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We previously demonstrated that the N-terminal 1000 amino acid residues of human apolipoprotein (apo) B (designated apoB:1000) are competent to fold into a three-sided lipovitellin-like lipid binding cavity to form the apoB "lipid pocket" without a structural requirement for microsomal triglyceride transfer protein (MTP). Our results established that this primordial apoB-containing particle is phospholipid-rich (Manchekar, M., Richardson, P. E., Forte, T. M., Datta, G., Segrest, J. P., and Dashti, N. (2004) J. Biol. Chem. 279, 39757-39766). In this study we have investigated the putative functional role of MTP in the initial lipidation of apoB:1000 in stable transformants of McA-RH7777 cells. Inhibition of MTP lipid transfer activity by 0.1 microm BMS-197636 and 5, 10, and 20 microm of BMS-200150 had no detectable effect on the synthesis, lipidation, and secretion of apoB:1000-containing particles. Under identical experimental conditions, the synthesis, lipidation, and secretion of endogenous apoB100-containing particles in HepG2 and parental untransfected McA-RH7777 cells were inhibited by 86-94%. BMS-200150 at 40 microm nearly abolished the secretion of endogenous apoB100-containing particles in HepG2 and parental McA-RH cells but caused only 15-20% inhibition in the secretion of apoB: 1000-containing particles. This modest decrease was attributable to the nonspecific effect of a high concentration of this compound on hepatic protein synthesis, as reflected in a similar (20-25%) reduction in albumin secretion. Suppression of MTP gene expression in stable transformants of McA-RH7777 cells by micro-interfering RNA led to 60-70% decrease in MTP mRNA and protein levels, but it had no detectable effect on the secretion of apoB:1000. Our results provide a compelling argument that the initial addition of phospholipids to apoB:1000 and initiation of apoB-containing lipoprotein assembly occur independently of MTP lipid transfer activity.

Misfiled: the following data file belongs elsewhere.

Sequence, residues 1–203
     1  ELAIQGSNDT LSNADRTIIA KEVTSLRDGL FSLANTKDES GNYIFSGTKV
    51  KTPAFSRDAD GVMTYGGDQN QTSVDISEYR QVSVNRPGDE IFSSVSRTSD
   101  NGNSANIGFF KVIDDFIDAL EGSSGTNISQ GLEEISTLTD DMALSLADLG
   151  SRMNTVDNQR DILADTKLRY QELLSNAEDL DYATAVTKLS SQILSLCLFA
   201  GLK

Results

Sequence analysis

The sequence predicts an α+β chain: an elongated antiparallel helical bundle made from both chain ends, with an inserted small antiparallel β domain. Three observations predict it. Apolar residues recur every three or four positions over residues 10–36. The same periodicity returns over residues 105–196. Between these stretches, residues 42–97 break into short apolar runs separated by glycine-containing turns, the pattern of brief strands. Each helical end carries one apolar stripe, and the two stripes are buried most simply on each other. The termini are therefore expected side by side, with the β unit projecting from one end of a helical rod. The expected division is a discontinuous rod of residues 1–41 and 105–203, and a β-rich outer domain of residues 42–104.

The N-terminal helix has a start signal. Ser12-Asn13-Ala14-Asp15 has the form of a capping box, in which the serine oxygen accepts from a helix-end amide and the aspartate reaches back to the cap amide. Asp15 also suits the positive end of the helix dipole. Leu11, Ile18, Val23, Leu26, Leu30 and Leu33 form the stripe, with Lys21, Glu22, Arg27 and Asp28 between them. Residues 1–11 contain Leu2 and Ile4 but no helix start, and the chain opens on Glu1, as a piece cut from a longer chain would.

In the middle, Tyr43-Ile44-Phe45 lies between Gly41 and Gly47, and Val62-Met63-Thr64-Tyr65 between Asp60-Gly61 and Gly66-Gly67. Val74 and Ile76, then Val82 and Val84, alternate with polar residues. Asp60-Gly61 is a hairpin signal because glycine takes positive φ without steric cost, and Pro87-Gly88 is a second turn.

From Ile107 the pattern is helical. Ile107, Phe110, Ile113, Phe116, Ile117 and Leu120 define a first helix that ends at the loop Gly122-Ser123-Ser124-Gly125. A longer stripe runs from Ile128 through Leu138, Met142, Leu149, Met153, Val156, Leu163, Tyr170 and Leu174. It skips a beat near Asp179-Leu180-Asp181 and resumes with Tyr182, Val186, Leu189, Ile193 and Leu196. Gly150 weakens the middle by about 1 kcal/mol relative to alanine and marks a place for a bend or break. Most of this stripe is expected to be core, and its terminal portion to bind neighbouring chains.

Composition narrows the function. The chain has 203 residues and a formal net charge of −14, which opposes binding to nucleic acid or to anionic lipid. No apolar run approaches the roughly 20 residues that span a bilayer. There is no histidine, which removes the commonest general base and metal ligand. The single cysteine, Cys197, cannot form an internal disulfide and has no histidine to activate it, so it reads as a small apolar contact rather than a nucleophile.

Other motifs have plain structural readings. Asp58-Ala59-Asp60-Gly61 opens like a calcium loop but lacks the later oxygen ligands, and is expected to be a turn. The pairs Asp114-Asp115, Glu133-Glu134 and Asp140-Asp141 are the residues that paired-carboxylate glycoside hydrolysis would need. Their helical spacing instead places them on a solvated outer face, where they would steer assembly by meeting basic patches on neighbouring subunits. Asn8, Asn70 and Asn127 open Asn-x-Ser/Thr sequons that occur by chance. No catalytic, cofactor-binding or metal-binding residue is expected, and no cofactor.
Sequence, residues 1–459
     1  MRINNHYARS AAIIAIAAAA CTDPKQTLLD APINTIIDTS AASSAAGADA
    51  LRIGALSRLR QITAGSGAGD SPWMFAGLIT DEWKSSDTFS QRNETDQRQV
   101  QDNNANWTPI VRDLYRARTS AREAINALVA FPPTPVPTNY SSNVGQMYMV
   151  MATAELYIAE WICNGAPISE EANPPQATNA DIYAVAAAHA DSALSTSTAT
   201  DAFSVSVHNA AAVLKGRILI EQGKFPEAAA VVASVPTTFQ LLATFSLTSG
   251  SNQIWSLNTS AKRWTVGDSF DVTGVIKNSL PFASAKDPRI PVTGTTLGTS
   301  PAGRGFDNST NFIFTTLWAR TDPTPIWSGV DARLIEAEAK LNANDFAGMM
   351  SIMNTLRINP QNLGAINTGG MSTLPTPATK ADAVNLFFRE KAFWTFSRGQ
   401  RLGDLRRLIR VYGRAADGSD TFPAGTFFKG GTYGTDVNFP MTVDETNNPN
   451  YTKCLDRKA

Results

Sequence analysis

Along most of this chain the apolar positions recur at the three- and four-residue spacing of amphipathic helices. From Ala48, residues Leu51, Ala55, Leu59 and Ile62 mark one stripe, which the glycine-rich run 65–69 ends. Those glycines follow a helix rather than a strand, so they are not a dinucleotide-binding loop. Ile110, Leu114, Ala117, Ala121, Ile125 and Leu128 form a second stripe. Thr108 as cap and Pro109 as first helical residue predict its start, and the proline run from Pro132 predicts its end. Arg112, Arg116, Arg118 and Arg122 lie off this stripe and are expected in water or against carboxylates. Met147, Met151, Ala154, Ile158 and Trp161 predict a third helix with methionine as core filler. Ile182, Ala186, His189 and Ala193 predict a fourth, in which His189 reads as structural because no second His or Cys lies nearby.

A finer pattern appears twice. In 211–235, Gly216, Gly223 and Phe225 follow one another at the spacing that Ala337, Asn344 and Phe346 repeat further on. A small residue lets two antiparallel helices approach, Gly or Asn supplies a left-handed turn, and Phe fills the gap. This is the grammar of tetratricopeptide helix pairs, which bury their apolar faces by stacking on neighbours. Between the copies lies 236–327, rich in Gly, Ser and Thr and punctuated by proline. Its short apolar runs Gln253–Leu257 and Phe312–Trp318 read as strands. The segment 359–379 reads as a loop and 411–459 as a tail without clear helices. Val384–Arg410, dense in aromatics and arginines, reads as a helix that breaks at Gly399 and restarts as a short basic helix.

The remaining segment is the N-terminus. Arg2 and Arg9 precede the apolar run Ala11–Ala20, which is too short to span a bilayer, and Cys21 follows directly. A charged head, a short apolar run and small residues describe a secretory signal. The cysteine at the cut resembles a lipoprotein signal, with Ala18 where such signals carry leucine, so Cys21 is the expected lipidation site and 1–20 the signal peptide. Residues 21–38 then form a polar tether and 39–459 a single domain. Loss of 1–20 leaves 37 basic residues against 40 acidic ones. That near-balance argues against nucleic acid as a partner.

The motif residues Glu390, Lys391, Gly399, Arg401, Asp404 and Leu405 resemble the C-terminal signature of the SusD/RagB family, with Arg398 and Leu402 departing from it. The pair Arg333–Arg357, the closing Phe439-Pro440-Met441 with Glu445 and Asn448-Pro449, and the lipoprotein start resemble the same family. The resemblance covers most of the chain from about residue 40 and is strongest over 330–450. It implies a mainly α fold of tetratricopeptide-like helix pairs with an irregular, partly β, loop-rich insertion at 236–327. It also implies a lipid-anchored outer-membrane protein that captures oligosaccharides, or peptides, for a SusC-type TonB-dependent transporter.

- Isoe J, Hagedorn HH
- Mosquito vitellogenin genes: Comparative sequence analysis, gene duplication, and the role of rare synonymous codon usage in regulating expression.
- J Insect Sci. 2007; 7: 1-49